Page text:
One consequence of funding such a large number of startups is that we see trends early. And since fundraising is one of the main things we help startups with, we’re in a good position to notice trends in investing. [YC is in the BEST position, not just a good position, to notice these trends.]
I’m going to take a shot at describing where these trends are leading. Let’s start with the most basic question: will the future be better or worse than the past? Will investors, in the aggregate, make more money or less? think more. There are multiple forces at work, some of which will decrease returns, and some of which will increase them. I can’t predict for sure which forces will prevail, but I’ll describe them and you can decide for yourself.
There are two big forces driving change in startup funding: it’s becoming cheaper to start a startup, and startups are becoming a more normal thing to do.
When I graduated from college in 1986, there were essentially two options: get a job or go to grad school. Now there’s a third: start your own company. That’s a big change. In principle it was possible to start your own company in 1986 too, but it didn’t seem like a real possibility. It seemed possible to start a consulting company, or a niche product company, but it didn’t seem possible to start a company that would become big.
That kind of change, from 2 paths to 3, is the sort of big social shift that only happens once every few generations. I think we’re still at the beginning of this one. It’s hard to predict how big a deal it will be. As big a deal as the Industrial Revolution? Maybe. Probably not. But it will be a big enough deal that it takes almost everyone by surprise, because those big social shifts always do.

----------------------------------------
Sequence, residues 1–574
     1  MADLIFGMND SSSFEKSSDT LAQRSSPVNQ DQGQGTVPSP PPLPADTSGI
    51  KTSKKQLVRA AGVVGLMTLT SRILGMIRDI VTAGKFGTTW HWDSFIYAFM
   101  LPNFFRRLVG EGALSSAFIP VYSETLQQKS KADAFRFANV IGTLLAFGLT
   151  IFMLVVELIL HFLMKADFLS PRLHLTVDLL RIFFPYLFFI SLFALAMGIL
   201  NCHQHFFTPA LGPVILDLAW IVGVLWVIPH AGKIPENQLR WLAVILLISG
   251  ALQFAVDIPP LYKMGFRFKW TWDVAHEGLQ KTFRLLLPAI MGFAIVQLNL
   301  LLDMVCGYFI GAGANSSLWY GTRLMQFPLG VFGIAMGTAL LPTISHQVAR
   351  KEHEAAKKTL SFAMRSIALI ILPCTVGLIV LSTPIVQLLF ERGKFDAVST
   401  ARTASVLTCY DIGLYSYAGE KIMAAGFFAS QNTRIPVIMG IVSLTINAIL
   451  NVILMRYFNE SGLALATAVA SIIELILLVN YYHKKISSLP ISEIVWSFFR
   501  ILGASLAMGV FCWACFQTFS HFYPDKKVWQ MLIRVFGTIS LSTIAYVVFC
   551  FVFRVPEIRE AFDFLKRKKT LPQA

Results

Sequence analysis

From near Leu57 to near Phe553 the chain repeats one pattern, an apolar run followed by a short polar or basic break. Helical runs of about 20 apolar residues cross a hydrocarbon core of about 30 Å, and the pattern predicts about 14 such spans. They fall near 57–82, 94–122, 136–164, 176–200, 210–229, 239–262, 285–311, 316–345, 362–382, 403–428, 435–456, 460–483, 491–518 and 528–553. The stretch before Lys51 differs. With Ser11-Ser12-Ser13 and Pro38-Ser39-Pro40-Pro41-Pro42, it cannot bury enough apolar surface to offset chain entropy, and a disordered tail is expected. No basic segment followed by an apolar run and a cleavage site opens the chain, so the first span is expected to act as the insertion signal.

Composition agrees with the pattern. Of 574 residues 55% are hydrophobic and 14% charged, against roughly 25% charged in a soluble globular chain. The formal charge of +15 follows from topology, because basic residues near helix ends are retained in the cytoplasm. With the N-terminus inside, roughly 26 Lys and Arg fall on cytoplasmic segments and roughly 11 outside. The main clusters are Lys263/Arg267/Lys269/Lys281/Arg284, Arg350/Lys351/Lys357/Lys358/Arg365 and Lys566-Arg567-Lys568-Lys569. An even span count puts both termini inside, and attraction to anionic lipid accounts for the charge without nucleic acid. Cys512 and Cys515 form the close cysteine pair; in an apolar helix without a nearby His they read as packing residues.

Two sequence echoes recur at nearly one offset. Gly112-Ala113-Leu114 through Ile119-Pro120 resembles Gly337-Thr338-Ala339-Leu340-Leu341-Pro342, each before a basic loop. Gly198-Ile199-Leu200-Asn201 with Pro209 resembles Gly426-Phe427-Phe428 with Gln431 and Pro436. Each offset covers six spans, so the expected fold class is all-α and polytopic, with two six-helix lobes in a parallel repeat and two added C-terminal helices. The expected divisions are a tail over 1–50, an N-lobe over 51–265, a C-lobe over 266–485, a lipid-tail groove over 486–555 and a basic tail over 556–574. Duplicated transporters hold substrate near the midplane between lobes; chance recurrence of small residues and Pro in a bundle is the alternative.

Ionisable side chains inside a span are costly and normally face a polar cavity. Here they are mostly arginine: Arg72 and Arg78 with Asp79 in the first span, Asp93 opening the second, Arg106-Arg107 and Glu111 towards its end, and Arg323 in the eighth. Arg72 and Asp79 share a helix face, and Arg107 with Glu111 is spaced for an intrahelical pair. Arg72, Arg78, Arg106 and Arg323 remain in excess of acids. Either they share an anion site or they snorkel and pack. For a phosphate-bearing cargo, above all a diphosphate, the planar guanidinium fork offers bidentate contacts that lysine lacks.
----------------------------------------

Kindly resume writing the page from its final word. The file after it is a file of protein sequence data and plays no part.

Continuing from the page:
One thing we can say for sure is that there will be a lot more startups. The monolithic, hierarchical companies of the mid 20th century are being replaced by networks of smaller companies. This process is not just something happening now in Silicon Valley. It started decades ago, and it’s happening as far afield as the car industry. It has a long way to run. [This is important to understand because one could divide LPs and GPs into two groups — those who believe our economy is going through a cyclical change, and those who believe we are witnessing a structural change. The distinction is important, and I’ve written more about it here. PG’s argument, which I agree with, is that startups are the new normal and will continue to increase in number.]